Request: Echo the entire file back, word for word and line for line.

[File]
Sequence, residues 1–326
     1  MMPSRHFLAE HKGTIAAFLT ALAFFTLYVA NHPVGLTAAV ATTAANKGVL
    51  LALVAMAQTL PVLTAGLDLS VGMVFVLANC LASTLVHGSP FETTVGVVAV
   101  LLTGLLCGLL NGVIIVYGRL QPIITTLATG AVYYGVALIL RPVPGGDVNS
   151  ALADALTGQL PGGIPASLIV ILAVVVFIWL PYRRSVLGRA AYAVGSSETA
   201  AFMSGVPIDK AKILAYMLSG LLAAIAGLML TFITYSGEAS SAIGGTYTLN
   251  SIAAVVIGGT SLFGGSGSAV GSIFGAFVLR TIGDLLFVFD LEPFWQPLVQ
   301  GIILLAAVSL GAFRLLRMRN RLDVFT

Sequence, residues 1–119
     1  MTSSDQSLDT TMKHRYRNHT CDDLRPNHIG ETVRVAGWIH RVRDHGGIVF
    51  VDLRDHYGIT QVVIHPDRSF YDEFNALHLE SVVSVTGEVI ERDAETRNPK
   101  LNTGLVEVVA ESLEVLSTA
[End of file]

Sequence, residues 1–326
     1  MMPSRHFLAE HKGTIAAFLT ALAFFTLYVA NHPVGLTAAV ATTAANKGVL
    51  LALVAMAQTL PVLTAGLDLS VGMVFVLANC LASTLVHGSP FETTVGVVAV
   101  LLTGLLCGLL NGVIIVYGRL QPIITTLATG AVYYGVALIL RPVPGGDVNS
   151  ALADALTGQL PGGIPASLIV ILAVVVFIWL PYRRSVLGRA AYAVGSSETA
   201  AFMSGVPIDK AKILAYMLSG LLAAIAGLML TFITYSGEAS SAIGGTYTLN
   251  SIAAVVIGGT SLFGGSGSAV GSIFGAFVLR TIGDLLFVFD LEPFWQPLVQ
   301  GIILLAAVSL GAFRLLRMRN RLDVFT

Sequence, residues 1–119
     1  MTSSDQSLDT TMKHRYRNHT CDDLRPNHIG ETVRVAGWIH RVRDHGGIVF
    51  VDLRDHYGIT QVVIHPDRSF YDEFNALHLE SVVSVTGEVI ERDAETRNPK
   101  LNTGLVEVVA ESLEVLSTA